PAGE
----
Providing a better experience for young people with cancer

Youth support coordinators provide vital help to young people with cancer, from diagnosis until up to two years post-treatment 
Dave Wright

Youth support coordinators provide vital help to people with cancer in the 13-25 age group, from diagnosis until up to two years post-treatment

  • Coordinators get to know young patients and understand their issues
  • Aim is to give them positive memories from a difficult period in their lives
  • They bridge the gap between hospital, home and community services

Cancer is the leading cause of non-accidental death of young people in the UK, and seven teenagers and young adults are diagnosed with the disease each day.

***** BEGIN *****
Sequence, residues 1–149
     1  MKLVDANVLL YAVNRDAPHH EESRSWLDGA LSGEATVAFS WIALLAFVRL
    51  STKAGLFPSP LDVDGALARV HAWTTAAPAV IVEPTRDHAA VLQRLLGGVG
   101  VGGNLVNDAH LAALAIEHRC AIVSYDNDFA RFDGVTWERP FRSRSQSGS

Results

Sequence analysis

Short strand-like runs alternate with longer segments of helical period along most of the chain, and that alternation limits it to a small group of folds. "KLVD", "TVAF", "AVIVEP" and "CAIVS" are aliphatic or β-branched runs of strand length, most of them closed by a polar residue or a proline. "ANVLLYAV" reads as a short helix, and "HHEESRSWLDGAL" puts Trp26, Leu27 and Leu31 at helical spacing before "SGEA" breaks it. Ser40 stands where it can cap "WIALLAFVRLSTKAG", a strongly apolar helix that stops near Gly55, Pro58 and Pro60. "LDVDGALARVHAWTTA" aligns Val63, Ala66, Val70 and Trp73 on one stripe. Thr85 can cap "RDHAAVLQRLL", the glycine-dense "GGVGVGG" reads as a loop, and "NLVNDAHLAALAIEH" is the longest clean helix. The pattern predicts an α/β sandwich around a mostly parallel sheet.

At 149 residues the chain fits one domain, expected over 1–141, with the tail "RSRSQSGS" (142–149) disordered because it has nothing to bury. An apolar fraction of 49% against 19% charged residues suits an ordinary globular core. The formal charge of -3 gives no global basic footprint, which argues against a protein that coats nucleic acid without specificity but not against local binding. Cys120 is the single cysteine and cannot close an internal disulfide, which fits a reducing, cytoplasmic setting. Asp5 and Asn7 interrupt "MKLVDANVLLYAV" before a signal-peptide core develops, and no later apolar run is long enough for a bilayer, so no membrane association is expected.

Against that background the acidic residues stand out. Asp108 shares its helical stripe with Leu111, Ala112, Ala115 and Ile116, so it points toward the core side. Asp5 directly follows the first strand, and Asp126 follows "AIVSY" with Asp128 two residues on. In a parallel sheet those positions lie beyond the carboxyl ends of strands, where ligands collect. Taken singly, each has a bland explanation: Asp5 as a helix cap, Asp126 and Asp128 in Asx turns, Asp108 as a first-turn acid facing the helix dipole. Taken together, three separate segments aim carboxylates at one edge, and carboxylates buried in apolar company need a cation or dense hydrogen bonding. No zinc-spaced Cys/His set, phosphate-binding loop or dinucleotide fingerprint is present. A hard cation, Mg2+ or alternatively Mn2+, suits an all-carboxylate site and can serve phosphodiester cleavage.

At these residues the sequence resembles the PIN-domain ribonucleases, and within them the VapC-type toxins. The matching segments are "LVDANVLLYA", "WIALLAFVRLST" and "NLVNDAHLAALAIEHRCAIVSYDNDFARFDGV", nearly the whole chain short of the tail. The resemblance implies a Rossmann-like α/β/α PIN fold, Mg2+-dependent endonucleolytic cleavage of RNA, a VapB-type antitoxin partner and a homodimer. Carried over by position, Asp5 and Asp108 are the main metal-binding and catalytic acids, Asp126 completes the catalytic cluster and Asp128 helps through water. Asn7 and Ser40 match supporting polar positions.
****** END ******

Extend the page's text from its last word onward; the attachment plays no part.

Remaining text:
The need for specialist practitioners and services to work with patients aged 13-25 has become increasingly recognised, and charities, working alongside the NHS, have been integral in developing specialist care


Want to read more?

Unlock full access to RCNi Plus today

Save over 50% on your first three months:

  • Customisable clinical dashboard featuring 200+ topics
  • Unlimited online access to all 10 RCNi Journals including Cancer Nursing Practice
  • RCNi Learning featuring 180+ RCN accredited learning modules
  • NMC-compliant RCNi Portfolio to build evidence for revalidation
  • Personalised newsletters tailored to your interests

This article is not available as part of an institutional subscription. Why is this?